Calls are being made for more written rules and certainty about the interdiction process in the public service.
Oneil Grant, President of the Jamaica Civil Service Association (JCSA), is pushing for the changes to avoid public controversy and to guarantee certainty in the process.
His proposal is in reaction to the recent Gleaner article which stated that Principal of Jamaica College Ruel Reid and head of the Caribbean Maritime University Fritz Pinnock were still being paid millions per year as salary while fighting criminal charges in court.
The story ignited fierce debate over whether persons in the public sector who are indicted on criminal charges should continue to be paid during their court proceedings.
The other issue is how this should be implemented when the country's constitution gives the presumption of innocence.
Mr. Grant explains that the interdiction process is often arbitrary and this leaves gaps in how interim sanctions are applied since "it is left open to the discretion of individuals to apply whether or not an individual is on half pay/quarter pay."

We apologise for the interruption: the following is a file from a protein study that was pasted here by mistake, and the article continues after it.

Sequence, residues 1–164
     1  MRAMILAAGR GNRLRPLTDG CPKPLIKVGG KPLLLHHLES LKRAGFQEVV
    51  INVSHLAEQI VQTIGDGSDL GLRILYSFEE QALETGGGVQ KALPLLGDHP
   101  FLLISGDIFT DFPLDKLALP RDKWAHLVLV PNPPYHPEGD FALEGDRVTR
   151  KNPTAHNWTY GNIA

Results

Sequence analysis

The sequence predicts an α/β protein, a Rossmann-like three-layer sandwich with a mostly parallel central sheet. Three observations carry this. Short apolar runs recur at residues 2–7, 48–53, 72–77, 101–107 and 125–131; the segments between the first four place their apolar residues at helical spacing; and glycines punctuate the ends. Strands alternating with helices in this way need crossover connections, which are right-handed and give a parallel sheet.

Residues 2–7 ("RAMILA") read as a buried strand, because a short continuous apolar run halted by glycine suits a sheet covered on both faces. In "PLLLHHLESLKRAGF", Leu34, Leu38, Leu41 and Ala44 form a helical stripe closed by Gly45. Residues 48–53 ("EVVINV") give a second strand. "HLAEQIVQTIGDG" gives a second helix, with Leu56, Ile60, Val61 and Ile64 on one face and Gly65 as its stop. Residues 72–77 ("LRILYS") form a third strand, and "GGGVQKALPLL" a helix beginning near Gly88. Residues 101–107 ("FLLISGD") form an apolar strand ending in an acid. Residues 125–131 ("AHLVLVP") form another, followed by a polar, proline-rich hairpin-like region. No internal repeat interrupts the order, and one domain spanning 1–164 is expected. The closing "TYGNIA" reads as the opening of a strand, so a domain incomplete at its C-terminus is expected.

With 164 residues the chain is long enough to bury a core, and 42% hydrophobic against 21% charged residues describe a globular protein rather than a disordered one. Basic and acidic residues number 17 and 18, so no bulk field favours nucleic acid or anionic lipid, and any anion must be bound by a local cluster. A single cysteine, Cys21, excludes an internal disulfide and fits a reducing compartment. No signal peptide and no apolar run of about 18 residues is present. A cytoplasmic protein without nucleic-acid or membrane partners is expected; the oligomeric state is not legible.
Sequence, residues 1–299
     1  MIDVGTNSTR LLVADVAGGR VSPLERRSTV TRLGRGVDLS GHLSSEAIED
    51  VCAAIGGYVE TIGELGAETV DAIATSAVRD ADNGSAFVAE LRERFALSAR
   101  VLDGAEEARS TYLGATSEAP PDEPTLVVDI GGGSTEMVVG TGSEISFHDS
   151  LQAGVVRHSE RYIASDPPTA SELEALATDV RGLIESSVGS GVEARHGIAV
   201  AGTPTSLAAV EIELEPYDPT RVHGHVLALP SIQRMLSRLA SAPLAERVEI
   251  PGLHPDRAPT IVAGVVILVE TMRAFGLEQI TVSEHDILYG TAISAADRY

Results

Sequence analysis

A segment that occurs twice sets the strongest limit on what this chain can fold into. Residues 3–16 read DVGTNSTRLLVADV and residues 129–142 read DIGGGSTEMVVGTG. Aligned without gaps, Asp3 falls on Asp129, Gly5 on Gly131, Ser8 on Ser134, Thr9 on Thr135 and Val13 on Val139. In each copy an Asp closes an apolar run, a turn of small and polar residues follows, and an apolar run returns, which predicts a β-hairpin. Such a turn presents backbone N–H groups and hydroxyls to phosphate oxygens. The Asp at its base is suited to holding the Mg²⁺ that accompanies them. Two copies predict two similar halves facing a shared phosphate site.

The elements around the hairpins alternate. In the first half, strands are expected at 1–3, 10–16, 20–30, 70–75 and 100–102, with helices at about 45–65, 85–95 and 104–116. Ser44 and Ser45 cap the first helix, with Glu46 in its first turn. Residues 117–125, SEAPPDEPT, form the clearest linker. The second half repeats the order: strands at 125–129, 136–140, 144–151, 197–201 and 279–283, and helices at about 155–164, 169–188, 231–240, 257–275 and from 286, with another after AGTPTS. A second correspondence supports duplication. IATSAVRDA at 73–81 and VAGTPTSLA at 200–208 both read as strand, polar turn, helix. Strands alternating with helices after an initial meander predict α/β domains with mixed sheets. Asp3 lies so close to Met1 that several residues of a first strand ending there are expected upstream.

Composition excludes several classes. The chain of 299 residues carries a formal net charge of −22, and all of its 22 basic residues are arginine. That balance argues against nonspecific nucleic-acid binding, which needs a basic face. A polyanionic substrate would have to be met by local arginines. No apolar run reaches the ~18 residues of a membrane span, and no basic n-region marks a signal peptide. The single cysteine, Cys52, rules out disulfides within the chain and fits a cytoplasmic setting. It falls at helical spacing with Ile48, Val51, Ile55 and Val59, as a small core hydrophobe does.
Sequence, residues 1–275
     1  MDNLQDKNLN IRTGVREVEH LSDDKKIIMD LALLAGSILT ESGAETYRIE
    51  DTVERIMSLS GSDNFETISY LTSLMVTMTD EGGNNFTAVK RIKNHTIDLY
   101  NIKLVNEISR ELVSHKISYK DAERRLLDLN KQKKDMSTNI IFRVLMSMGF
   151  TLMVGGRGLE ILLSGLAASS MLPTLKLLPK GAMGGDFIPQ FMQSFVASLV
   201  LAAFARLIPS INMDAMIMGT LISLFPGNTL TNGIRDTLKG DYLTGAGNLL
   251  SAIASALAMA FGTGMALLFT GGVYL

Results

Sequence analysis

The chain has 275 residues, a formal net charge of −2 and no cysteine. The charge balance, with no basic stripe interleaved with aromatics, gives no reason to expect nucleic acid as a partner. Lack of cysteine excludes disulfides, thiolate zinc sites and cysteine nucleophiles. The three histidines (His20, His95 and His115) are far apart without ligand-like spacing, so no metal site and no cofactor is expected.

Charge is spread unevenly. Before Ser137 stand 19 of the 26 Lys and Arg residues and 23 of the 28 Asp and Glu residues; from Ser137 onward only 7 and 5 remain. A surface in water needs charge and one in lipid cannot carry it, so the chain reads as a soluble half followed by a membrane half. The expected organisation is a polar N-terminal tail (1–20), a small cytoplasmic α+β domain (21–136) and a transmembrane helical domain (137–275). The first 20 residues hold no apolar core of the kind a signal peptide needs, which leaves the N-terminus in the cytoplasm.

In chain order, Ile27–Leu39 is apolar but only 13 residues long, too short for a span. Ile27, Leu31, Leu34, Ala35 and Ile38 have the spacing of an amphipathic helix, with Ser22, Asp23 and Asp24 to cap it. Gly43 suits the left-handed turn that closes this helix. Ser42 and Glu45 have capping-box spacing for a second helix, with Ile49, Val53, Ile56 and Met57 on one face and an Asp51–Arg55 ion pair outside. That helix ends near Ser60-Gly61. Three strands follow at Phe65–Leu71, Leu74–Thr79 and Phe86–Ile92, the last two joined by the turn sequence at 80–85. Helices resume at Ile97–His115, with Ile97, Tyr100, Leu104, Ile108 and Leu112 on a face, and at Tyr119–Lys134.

In addition, he suggested that in many cases, there is a "lack of transparency in relation to the application of interdiction" so basis on which the interdiction was made is not known.
The JCSA president noted that critical questions should be considered in the review of the interdiction process in the public service, including "whether or not the public interest can be served by the officers remaining in the position or being interdicted."
He pointed out that in cases where the accusation is of fraud or misappropriation of public funds, "you don't expect that persons are going to be sitting at their desk or working otherwise in the public service when they have been so charged, particularly if the case against them is a strong one."